Other Practice Areas
Consumers have a right to know that the products they purchase are safe for use and won’t cause injury or illness. All risks associated with the use of the product should be clearly detailed on the product label. Consumer laws in the United States protect citizens from dangerous or predatory companies. Although there are restrictions imposed on manufacturing companies to ensure that they create products that are safe for consumers, sadly, not all products are safe or defect-free.
Every company has a responsibility to keep consumers safe from harm and to adequately warn consumers of any inherent dangers in their products. However, defects may exist from the original design of the product, may arise during manufacture and assembly, or may even come about during shipping, distribution, or sitting on a store shelf.
No matter when the defect arose, if you have been injured by a defective product, the responsible company is directly accountable. Our product liability lawyers can help you fight for your legal rights. We’re currently taking claims for the following:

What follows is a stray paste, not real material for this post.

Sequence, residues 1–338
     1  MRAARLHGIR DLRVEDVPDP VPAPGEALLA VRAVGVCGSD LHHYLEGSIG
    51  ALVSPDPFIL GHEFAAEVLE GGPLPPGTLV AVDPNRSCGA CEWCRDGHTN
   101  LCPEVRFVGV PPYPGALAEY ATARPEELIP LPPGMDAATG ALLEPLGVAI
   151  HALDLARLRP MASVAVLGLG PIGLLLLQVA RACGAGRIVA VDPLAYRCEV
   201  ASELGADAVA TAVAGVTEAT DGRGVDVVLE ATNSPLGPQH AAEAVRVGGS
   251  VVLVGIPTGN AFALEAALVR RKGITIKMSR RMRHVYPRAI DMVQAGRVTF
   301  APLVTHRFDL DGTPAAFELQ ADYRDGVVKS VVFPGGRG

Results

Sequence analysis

More than 17,000 Catholic parishioners from across the United States have reported being sexually abused by clergy or a staff member from the Catholic Church. A 2018 Pennsylvania grand jury report revealed that at least 300 priests had sexually abused MORE THAN 1,000 children over six decades. The grand jury report stated the Catholic Church turned its back on reports of the sexual abuse, hiding the sexual abuse and the Clergy abusers.
The CAEv2 earplugs are dual-ended, meaning one end provided the traditional earplug experience and the other end allowed for normal hearing while protecting the eardrum from gunfire and explosions. According to the complaint, 3M and its predecessor, Aearo Technologies, Inc., knew the Combat Arm Earplugs were too short for proper insertion and could loosen gradually, failing to protect the ears. The settlement resolves that 3M violated the False Claims Act by selling defective earplugs to the Defense Logistics Agency.
In recent years, it has become customary for women to dust their private parts, underwear and sanitary napkins with talcum powder, a practice associated with cleanliness and freshness. However, when used on or near the genitals, particles can travel into the ovaries and remain there for years, causing inflammation and leading to the growth of cancer cells. A study by a Harvard doctor estimates that talc in hygiene products may be a contributing factor in the development of ovarian cancer in as many as 10,000 women each year.